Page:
Editor, and Jennifer and John:

Congratulations and good work on the Town Crier column. The James Reserve is highly esteemed and the column should be well received.

I was particularly interested in the comments about the relationship between lions, deer and the flora. We see many Lemon Lily flower buds that are eaten by deer (as much as one-third in some years in some places). I have written about this delicate balance. If the deer population is fixed and the Lemon Lily numbers are high, the percentage of flowers eaten remains low. However, if the deer population increases and/or the Lemon Lily population decreases, that percentage could change and result in a slow, downward spiral for the Lemon Lilies. Perhaps this is already occuring.

I remember visiting the wolf reserve near Julian. They spoke about the beneficial effect on the flora following the introduction of wolves into Yellowstone. It wasn’t so much that the wolves were eating a lot of elk, reducing their numbers, but it changed the behavior of the elk. They were always on the move looking over their shoulder for the wolves, so to speak, which reduced the amount of time spent foraging in any one area, preventing over-grazing, which is the same relationship you describe between lions and deer.

We never see mountain lions on our forays into the San Jacintos, but we are aware they are there. While conducting the Lemon Lily survey in 2009, we saw a badly decomposed deer carcass in Tahquitz Creek. One in our party speculated that it had been killed by a lion and dragged into the creek in an attempt to keep the meat fresh in the cold water. Do you know if that is a documented behavior of lions?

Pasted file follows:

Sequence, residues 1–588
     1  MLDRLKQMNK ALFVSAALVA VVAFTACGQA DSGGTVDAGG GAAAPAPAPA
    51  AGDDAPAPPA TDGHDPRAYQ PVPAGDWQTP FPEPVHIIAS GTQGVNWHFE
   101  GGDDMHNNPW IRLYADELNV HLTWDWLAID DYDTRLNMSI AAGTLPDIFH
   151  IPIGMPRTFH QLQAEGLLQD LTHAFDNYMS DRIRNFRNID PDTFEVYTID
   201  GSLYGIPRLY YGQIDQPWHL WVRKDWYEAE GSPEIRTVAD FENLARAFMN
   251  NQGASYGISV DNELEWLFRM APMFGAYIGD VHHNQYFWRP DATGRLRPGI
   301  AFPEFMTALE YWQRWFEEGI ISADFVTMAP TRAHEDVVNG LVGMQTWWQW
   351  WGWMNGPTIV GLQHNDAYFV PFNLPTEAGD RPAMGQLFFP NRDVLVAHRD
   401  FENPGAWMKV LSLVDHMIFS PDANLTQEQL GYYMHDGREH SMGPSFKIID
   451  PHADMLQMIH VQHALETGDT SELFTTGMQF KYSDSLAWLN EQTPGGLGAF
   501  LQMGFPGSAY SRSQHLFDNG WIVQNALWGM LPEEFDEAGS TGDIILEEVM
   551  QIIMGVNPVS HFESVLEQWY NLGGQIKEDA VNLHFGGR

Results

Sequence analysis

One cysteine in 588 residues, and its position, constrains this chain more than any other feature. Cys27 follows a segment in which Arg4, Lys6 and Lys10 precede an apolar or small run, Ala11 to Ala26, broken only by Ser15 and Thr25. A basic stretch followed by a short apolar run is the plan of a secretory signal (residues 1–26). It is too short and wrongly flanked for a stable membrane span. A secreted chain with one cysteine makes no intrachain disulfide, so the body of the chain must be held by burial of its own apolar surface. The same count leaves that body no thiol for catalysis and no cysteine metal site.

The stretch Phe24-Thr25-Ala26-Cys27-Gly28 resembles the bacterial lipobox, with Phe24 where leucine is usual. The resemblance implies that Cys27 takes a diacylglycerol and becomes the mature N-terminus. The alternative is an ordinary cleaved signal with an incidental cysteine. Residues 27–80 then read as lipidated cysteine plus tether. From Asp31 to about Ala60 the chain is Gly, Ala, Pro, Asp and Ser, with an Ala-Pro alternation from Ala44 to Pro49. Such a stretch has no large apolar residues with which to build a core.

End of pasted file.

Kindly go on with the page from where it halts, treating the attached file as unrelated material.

Dave Stith



Glad to see that you found the column on mountain lions interesting. I myself found your observations regarding the Lemon Lilies and they being eaten by deer interesting. It is this type of relationship you outlined that is the true basis of my assertion that top predators like mountain lions are indeed the shepherds of nature. The many past experiences where we have purposely reduced or eliminated mountain lions, wolves and other large predators have taught many of us their true value.

I and many have written extensively on the impacts of the lack of predators. In Yellowstone, we were indeed the first to document that the return of wolves changed elk behavior and we predicted the changes we are now seeing there.

It is the basis of this work that we formulated the concept of the landscape of fear where, as I pointed out in the column, prey, such as deer, alter their use of the landscape based on the fear of being killed. What this does is to basically provide safe areas for favored plants, such as the Lemon Lily, where they can survive. Without this landscape of fear, deer can roam the landscape like cows, searching for the food they prefer, leaving the plants, such as exotics, they don’t care for. The result of this is a major decline in these preferred native species.

This is the situation in the East where wolves and mountain lions have been absent for more than 100 years. In the South, the ginseng industry is declining because deer are getting to them before humans can. In fact, the whole Eastern forest ecosystems are in danger because deer love the seedlings of many of the major tree species, halting recruitment and thus threatening regeneration.

Foresters have particularly significant problems with deer regarding reforestation efforts. The people of the West need to visit Eastern forests just to appreciate the value of having mountain lions and now wolves on the landscape.

As for your specific question regarding whether mountain lions might “cache” a deer in the water, I have not heard of this before. Usually, the major concern of lions regarding their food is to hide it from other animals. such as coyotes. and so they normally drag it under a tree and bury it. Although I have not heard of it, however, it does not mean it is not possible. Lions are very adaptive and possibly in the dry, southern areas, it is something they might do. As they do leave distinct signs when they kill a deer, it is possible many times to verify that they did kill an animal.

I hope I have provided you with additional information on how important predators like mountain lions are to the maintenance of biodiversity, especially for many flowering plant species, and again appreciate your interest in the column. Feel free to contact me in the future and we can discuss this even more.

John Laundré
Assistant Director
James Reserve